ASP.Net Core websites can also benefit from using Content Delivery Network (CDN), especially when they get a lot of international traffic. CDN consists of data centers worldwide, so the users accessing the website will connect to the server closest to them, resulting in much faster response times and less strain on the main hosting server.
Using asynchronous programming allows for the parallel execution of the code while accessing data from an API and performing I/O operations or independent calling. Allowing your application to handle many requests simultaneously can prevent Thread Pool starvation and help to avoid blocking calls. This will enable you to optimize data access logic, thus improving performance. Switching to asynchronous programming requires using asynchronous variants of regular commands (e.g., ToListAsync() instead of the synchronous ToList() method), so it may take a bit of getting used to it. But the result is definitely worth the effort.
Typically, the server responses come as they are, in their original sizes. The response compression method, when applied correctly, can significantly reduce the amount of data sent over to the client, thus improving performance of the .Net Core applications. Conveniently, in ASP.Net Core, response compression was made available as a middleware component. Please note, though, that you should not compress files smaller than 1000 bytes or natively compressed assets, e.g., already optimized PNG or JPEG images.
While we’re on the topic of server responses, we shouldn’t forget JSON serialization. ASP.Net Core allows developers to use System.Text.Json for JSON serialization and deserialization from options. You can read and write JSON asynchronously without waiting for other processes to execute.
There are several ways to optimize the serialization process to improve performance. For example, you can instruct the run-time serializers to ignore specific fields within your class, effectively reducing the serialized data size.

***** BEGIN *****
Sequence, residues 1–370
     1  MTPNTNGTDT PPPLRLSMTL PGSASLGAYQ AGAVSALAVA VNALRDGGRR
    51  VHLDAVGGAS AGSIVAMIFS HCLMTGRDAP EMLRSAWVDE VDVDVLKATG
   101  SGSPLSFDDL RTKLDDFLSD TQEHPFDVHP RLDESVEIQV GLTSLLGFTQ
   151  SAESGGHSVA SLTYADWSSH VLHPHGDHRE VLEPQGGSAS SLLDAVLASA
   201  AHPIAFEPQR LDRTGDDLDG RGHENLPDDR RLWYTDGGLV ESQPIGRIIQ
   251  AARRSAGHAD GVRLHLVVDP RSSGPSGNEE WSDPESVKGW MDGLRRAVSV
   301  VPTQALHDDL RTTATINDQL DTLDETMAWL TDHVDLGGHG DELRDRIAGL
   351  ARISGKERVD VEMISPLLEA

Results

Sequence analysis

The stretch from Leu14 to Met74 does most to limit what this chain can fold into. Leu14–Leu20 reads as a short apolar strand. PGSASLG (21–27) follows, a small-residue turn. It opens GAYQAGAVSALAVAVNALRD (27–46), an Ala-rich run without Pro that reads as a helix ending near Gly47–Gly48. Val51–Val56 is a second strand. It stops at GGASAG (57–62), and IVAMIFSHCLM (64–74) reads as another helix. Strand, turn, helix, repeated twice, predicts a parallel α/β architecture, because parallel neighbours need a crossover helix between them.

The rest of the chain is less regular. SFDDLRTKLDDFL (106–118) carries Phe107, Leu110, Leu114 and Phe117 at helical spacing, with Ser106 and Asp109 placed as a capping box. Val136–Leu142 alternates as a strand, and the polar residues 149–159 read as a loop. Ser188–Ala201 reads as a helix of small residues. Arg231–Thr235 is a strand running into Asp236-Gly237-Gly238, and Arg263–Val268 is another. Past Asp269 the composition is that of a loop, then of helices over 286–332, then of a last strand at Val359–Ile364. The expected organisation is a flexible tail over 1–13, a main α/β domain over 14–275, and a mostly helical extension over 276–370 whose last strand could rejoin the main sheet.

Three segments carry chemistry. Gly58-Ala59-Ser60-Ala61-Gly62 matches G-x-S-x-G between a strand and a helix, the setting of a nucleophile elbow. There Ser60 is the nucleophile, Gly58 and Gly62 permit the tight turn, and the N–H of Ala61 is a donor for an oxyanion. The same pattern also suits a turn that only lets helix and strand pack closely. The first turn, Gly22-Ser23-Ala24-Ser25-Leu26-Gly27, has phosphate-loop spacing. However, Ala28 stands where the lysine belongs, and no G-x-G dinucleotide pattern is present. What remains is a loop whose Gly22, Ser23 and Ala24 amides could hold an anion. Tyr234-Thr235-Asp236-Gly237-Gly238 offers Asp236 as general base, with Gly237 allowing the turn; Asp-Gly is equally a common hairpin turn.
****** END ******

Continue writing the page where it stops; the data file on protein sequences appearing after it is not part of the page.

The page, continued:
Data access is often the most resource-consuming process in an application, and minimizing database round trips is one of the most efficient methods used to increase the responsiveness of the software. The best way to reduce the number of requests is to combine as many actions as possible into a single query. The app will have to contact the server anyway, but from a performance standpoint, it’s always a good idea to keep the number of network round trips to a minimum.
Sometimes, a massive performance improvement can be accomplished with a simple change to a single line of code. However, finding this line can be challenging. That is why we have listed some of the most common performance issues to help you with the search:
- Blocking calls – the .Net Core app often blocks the calls that can be asynchronous. You can avoid blocking calls by not using the Task.Wait method and Task<TResult>.Result property. ASP.Net Core apps perform best when set to run code in parallel.
- Garbage collection – allocating a sizable number of large objects in hot code paths can result in inconsistent performance or even running out of virtual memory. To avoid the risk of an OutOfMemoryException, you should think about caching these objects, especially the frequently used ones. Consider using ArrayPool<T> for storing large arrays.
- Exceptions – one should never utilize exceptions to control the normal program flow. Throwing and catching exceptions is relatively slow compared to other code flow patterns, especially in hot code paths. Your app should contain logic to identify and handle conditions prone to exceptions. Unusual or unexpected conditions should be the only viable reason for the .Net core application to throw or catch exceptions.
The ASP.Net Core framework is a fantastic solution for building high-performance web apps and services. But to get the most out of it (or any other programming tool, for that matter), an intelligent approach backed by practical experience is needed. Incorporating the practices listed above into your development process will help you unlock the real potential of your web application. But if you think your project could use the assistance of seasoned professionals, why not get in touch with Scalo? Our teams of net development and back-end development experts will ensure that your ASP.Net Core application’s performance is nothing short of excellent.